Women have been speaking out about Bill Cosby for years. It took a man to make the allegations stick.

For a long time, Bill Cosby was one of those untouchable powerful men. Cosby is on trial this week in connection with a report by former Temple University employee Andrea Constand that he drugged and sexually assaulted her in 2004. Soon after that, other women began to come forward with their own reports about sexual misconduct by Cosby. But it took a decade, and a routine from a male comedian, to make the accusations stick.

Constand first reported the incident to police in 2005, but authorities declined to prosecute. When she sued, 13 women with similar allegations against Cosby agreed to appear as witnesses; some also reported publicly that Cosby had subjected them to sexual misconduct. Cosby denied some of the allegations publicly, and for years, the women received little media or public attention.

Then in 2014, a man spoke out: A routine by comedian Hannibal Buress, calling out Cosby over women’s reports against him, went viral. Soon after, artist Barbara Bowman wrote in an op-ed for the Washington Post that Cosby had drugged and raped her in the 1980s. “Only after a man, Hannibal Buress, called Bill Cosby a rapist in a comedy act last month did the public outcry begin in earnest,” Bowman wrote.

Other women soon began to come forward. In late 2014, TV networks began pulling projects associated with Cosby, and the Navy revoked his title of honorary chief petty officer; he resigned from Temple University’s board of trustees. In July 2015, 35 women with reports against Cosby appeared on the cover of New York magazine. In December of that year, prosecutors charged Cosby with aggravated indecent assault in the Constand case.

At the trial, in 2017, one of Cosby’s attorneys tried to cast doubt on Constand by painting aspects of her encounter with Cosby as romantic. “You were sitting by the fire. The room was dark. There was a nice mood,” she said at one point. The prosecution was allowed to call only one other Cosby accuser, Kelly Johnson, who said Cosby had drugged and sexually assaulted her in 1996. The jury deliberated for six days and was unable to reach a verdict.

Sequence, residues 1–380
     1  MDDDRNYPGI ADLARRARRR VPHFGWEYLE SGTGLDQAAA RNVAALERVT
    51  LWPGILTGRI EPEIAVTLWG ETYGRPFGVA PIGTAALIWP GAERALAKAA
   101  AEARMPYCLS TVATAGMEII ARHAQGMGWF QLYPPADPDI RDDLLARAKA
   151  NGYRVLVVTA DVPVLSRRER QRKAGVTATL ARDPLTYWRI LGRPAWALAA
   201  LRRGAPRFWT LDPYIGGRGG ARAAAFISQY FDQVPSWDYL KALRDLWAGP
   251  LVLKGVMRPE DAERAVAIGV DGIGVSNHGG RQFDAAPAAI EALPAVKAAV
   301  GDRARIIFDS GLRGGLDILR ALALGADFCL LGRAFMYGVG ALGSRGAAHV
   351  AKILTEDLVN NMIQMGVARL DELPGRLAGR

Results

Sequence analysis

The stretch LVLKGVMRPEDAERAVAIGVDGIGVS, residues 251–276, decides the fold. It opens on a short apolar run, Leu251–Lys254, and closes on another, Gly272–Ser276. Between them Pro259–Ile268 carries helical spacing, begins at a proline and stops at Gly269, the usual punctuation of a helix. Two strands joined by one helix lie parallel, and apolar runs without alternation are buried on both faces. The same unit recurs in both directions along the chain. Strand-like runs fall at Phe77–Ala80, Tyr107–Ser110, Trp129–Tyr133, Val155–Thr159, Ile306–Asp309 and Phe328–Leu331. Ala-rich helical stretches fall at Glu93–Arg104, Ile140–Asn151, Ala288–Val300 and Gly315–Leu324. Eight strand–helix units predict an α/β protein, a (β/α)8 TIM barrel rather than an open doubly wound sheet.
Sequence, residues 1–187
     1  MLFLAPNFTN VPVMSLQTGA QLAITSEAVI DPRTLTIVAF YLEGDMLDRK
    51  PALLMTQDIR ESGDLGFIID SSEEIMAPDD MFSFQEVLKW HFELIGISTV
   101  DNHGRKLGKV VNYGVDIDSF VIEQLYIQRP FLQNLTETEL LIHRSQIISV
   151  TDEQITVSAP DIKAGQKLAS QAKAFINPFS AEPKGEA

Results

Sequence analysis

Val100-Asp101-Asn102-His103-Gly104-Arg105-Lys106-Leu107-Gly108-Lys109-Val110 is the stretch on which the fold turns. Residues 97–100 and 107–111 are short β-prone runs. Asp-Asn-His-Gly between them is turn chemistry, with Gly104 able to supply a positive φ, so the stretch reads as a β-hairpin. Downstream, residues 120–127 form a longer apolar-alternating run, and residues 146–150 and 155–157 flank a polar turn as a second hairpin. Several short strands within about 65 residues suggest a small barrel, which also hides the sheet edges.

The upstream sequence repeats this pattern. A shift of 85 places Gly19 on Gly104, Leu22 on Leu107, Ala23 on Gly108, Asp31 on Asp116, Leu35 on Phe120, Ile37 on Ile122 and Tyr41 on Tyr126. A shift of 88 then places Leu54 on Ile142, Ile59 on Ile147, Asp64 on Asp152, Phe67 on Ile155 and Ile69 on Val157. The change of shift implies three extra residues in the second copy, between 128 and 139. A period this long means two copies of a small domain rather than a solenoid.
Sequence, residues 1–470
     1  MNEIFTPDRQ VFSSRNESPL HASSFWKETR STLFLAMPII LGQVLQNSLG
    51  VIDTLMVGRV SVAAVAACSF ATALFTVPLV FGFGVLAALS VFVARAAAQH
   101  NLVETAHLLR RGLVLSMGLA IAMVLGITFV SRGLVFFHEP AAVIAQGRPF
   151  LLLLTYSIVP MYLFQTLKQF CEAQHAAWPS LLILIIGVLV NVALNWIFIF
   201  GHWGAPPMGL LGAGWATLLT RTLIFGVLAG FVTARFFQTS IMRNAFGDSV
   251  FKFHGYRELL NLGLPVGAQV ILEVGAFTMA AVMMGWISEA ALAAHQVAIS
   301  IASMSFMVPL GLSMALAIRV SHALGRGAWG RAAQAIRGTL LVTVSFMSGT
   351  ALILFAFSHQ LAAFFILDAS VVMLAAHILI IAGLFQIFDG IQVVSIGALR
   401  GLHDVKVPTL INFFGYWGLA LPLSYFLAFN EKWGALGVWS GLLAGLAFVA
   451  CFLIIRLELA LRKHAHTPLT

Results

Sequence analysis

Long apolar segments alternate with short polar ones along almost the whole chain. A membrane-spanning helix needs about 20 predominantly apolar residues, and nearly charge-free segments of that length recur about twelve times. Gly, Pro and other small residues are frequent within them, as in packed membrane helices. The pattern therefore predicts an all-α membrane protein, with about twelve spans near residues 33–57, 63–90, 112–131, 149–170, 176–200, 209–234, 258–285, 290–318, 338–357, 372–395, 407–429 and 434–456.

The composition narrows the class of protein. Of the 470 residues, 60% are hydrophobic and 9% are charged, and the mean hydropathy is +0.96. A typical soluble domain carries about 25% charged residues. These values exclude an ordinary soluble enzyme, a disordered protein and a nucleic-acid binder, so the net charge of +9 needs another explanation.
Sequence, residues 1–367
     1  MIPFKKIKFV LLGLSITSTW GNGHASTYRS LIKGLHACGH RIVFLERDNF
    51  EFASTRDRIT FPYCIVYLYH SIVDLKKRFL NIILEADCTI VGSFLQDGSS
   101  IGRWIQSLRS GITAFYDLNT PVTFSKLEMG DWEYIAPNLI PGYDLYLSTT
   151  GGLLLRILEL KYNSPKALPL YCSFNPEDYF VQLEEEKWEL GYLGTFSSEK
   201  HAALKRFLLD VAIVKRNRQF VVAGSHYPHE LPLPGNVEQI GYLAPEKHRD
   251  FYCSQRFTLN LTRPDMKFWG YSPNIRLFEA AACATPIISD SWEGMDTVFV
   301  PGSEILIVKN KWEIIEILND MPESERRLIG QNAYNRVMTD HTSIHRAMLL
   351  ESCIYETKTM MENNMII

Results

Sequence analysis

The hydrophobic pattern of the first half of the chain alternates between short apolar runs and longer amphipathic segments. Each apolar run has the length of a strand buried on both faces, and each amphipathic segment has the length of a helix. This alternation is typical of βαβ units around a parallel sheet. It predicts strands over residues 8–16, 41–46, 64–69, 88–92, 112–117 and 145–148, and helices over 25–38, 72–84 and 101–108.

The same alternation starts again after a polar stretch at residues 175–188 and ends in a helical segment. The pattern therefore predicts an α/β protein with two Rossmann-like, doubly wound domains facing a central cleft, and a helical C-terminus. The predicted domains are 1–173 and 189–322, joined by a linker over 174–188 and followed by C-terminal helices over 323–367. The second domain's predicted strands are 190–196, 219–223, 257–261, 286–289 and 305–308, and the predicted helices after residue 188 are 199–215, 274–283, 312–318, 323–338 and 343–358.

This time, the prosecution is calling five more accusers. The first, Heidi Thomas, began her testimony on Tuesday, saying that Cosby offered to mentor her and then tried to force her into oral sex. As Vox’s Jen Kirby points out, Thomas and the other women who testify “will speak against the backdrop of a national conversation about the prevalence of sexual harassment and assault.” In this context, maybe the second trial will have a different outcome from the first. But even if it does, the increased visibility of #MeToo hasn’t changed the fundamental truth that it can take dozens of women to bring down consequences on one man.

What’s the impact of five women’s voices? We’re about to find out.

Practically speaking, additional reports of similar crimes can be helpful for prosecutors — as Kirby points out, evidence of a pattern of behavior by the defendant is admissible in court under Pennsylvania law.

It’s also true that allegations of sexual misconduct sometimes involve no more concrete evidence than one person’s word against another’s, and where that’s the case, it’s not surprising that multiple accusers matter. Outside of the courtroom, it’s helpful for future employers and the public to know if someone has a pattern of sexual misconduct or harassment, particularly if the individual incidents aren’t prosecuted.

But looking for corroboration before taking legal or employment action is different from refusing, as a society, to countenance the possibility that a powerful man might be a predator until we hear it from dozens of women. It’s different from ignoring the reports of young female athletes until they’re forced to form a veritable “army of survivors.” It’s different from letting allegations by women slide until they’re repeated by a man.

Where we are as a society is far, far from the scenario imagined by #MeToo critics who fear the directive to “believe women” will lead us to accept allegations uncritically. We are still in a place where women who speak out against powerful men are guilty until proven innocent — guilty of craving fame, money, or attention, until two or 10 or 59 other women stand up to help exonerate them.

Beginning last week, Andrea Constand was joined in court, for the first time, by multiple other women telling versions of the same story. We’re about to find out if it’s enough.